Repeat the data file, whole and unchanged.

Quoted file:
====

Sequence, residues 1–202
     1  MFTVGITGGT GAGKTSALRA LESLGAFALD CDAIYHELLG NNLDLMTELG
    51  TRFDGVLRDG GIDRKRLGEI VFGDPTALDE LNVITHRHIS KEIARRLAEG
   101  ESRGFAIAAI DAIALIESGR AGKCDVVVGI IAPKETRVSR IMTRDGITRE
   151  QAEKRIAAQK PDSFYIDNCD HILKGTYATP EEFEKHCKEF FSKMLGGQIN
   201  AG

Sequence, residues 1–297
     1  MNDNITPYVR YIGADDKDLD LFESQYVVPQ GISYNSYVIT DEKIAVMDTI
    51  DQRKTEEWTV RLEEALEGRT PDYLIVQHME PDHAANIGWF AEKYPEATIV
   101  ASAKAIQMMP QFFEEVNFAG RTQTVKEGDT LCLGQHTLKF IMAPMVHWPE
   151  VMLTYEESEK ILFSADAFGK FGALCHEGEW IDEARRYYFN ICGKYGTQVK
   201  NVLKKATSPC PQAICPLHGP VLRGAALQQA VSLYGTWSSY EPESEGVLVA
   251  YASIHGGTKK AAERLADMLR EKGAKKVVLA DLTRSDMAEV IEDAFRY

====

Sequence, residues 1–202
     1  MFTVGITGGT GAGKTSALRA LESLGAFALD CDAIYHELLG NNLDLMTELG
    51  TRFDGVLRDG GIDRKRLGEI VFGDPTALDE LNVITHRHIS KEIARRLAEG
   101  ESRGFAIAAI DAIALIESGR AGKCDVVVGI IAPKETRVSR IMTRDGITRE
   151  QAEKRIAAQK PDSFYIDNCD HILKGTYATP EEFEKHCKEF FSKMLGGQIN
   201  AG

Sequence, residues 1–297
     1  MNDNITPYVR YIGADDKDLD LFESQYVVPQ GISYNSYVIT DEKIAVMDTI
    51  DQRKTEEWTV RLEEALEGRT PDYLIVQHME PDHAANIGWF AEKYPEATIV
   101  ASAKAIQMMP QFFEEVNFAG RTQTVKEGDT LCLGQHTLKF IMAPMVHWPE
   151  VMLTYEESEK ILFSADAFGK FGALCHEGEW IDEARRYYFN ICGKYGTQVK
   201  NVLKKATSPC PQAICPLHGP VLRGAALQQA VSLYGTWSSY EPESEGVLVA
   251  YASIHGGTKK AAERLADMLR EKGAKKVVLA DLTRSDMAEV IEDAFRY